robotic arm bci


University of Toronto student Ryan Mintz and his team have connected an Emotiv EPOC BCI headset to a robotic arm, demonstrating that one day robotic limbs or prosthetic will be easily controllable with the wearer’s brain waves. No more than a slight head movements, such as clenching your jaw or winking your eye, is enough to control the arm, but the robot can also be calibrated to respond to relaxed mind state, which is no surprise knowing the amazing feature set of the headset in question.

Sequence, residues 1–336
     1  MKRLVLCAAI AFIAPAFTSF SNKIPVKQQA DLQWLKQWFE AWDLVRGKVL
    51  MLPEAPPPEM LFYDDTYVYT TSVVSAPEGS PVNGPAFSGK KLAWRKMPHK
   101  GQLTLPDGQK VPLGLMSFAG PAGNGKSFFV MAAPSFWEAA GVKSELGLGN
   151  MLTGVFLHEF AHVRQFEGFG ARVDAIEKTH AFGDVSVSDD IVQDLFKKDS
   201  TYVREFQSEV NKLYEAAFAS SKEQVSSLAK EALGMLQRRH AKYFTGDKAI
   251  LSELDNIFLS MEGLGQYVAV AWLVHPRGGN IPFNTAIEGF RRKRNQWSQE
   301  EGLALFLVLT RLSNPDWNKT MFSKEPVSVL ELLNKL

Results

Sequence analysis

Although high-end scientific research projects in the field have already led to much more advanced results, just think of the first mind-controlled robotic arm that has been approved by the FDA, it is definitely a good thing that more and more student projects involve the use of BCI.



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